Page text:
Dorene Crist remembers exactly how that day in March 2021 went.
Plagued by the pandemic, she worked from the family home in Torrance, Southern California.
Crist’s daughter, Courtney Shoda, a 2018 graduate of Sonoma State University and a key defender for the women’s soccer team, lived at home, worked as an ER technician and was looking to become a nurse.
Crist remembers hugging Courtney and teasing her about her mane of curly brown hair. She told him she should be a cousin for Halloween.
She recalls Courtney returning from the gym that night and heading to her room as Crist started dinner.
And the next part she will never forget.
His phone rang. He was a new friend of Courtney’s. Crist was cooking dinner, but decided to resume anyway because she assumed they would be brainstorming what to get Courtney for her birthday in a little over a week.
“She said, ‘Dorene, I need you to go upstairs calmly,'” Crist recalled the friend telling her. “‘There’s something wrong with Courtney.'”
“I started screaming”
Courtney had collapsed in her bedroom during a FaceTime call with her friend. She wasn’t breathing. His heart had stopped.
“I started screaming for my husband and called 911,” she said. “He started doing CPR.”
It was the second time in four years that Courtney’s heart had suddenly stopped.
In 2017, Courtney was a top manager for the Sonoma State University women’s soccer team.
In three years on the team, Courtney played bigger than her 5-foot frame and drove the defensive back line with her seemingly limitless work ethic.
But during an early season practice at the start of her senior year, Courtney trapped a ball with her chest, threw a shot into the net and collapsed.
Doctors diagnosed him with commotio cordis, meaning the brutal impact caused his heart to stop. They told him his college football career was over.
She wore a heart monitor for a while, but slowly got back into training, pushing herself.
Nothing seemed to go wrong.
She graduated from Sonoma State in 2018, moved to Torrance.
Despite a busy work schedule, it was not uncommon for her to train for several hours a day.
Then on March 3, 2021, while her mother was cooking dinner downstairs and Courtney was on FaceTime with her friend, her heart stopped again.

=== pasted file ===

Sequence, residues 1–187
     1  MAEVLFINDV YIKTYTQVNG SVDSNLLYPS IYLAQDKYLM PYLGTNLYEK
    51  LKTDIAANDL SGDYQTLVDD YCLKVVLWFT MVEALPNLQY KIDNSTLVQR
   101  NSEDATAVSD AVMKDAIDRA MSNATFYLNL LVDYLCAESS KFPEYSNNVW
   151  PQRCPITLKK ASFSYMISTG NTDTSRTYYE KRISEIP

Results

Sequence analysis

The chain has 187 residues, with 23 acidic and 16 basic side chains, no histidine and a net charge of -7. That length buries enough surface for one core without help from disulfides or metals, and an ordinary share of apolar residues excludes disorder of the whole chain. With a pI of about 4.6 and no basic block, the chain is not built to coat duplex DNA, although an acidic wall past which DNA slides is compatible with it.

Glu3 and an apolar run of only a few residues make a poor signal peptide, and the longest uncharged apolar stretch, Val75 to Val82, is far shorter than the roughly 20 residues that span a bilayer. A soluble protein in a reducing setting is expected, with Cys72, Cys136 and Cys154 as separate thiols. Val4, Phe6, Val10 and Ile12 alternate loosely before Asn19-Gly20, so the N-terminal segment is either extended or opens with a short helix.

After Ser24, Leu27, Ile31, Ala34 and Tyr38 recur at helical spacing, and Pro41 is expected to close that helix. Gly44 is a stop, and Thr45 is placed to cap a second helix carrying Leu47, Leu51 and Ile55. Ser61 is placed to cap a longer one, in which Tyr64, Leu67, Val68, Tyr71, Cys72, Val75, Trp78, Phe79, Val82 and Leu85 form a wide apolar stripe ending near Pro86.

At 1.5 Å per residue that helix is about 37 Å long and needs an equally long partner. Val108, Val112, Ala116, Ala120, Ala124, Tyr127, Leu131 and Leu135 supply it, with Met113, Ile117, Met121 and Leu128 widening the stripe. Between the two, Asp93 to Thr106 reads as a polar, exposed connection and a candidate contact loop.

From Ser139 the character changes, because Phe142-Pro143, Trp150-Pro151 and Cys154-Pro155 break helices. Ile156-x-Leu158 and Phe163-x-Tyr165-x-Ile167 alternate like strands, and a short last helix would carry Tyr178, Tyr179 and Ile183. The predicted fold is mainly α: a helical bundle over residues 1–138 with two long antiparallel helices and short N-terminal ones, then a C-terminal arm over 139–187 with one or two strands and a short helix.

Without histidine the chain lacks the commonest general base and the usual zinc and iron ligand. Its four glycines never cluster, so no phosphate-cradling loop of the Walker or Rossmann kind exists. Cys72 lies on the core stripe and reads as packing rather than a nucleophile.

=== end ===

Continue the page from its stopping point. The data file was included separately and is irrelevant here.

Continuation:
Even after their previous scare, Crist said what happened with Courtney in the days and weeks that followed was unfathomable.
“I wouldn’t have, in my wildest dreams, thought my 24-year-old daughter was about to have 16 cardiac arrests.”
Rescuers transported Courtney from her room to the hospital.
In the hospital, Courtney’s heart kept stopping. She coded while Crist and her husband Peter stood by her bedside.
It was not long after that Crist was faced with the unimaginable.
“I’ll never forget this girl named Sylvia saying ‘I’m from a transplant,'” Crist said. “My husband and I freaked out, ‘What do you mean by a transplant? What are you talking about? We don’t need a transplant.
But Courtney did.
His 24-year-old heart, the heart of a college footballer, was damaged beyond repair.
She was placed on a machine that pumped her blood out of her body to a heart-lung machine that removed carbon dioxide before pumping oxygenated blood back inside.
The machine allows blood to bypass the heart and lungs, allowing them to rest and heal, according to the Mayo Clinic.
It is basically a survival system.
It was unclear what kind of brain damage Courtney suffered while she was in her bedroom, before her mother and stepfather got to her.
His family, friends and doctors just had to wait.
On March 19, nearly two weeks after her collapse, Courtney woke up.
But she was still in extremely poor health.
An operation on his vocal cords caused bleeding which has not stopped. The doctors decided to intubate and put her to sleep so that her neck would remain stable and she would remain a viable candidate for a heart transplant.
Under sedation, Crist’s vivacious daughter fell silent again, but this time to prepare her body for a new heart.
And on April 24, 2021, Crist was notified that officials had found a heart that would work for her daughter.
It was the second time in a few days that they had received such a call. The first core was later found to be inadequate.
But this time it was a hit.
Fallen too long
Courtney, a once-powerful and super-fit defender stuck in a 5-foot frame, handled the operation well.
But her system was damaged between the time her friend saw her break down onscreen and the time her mother and stepfather joined her.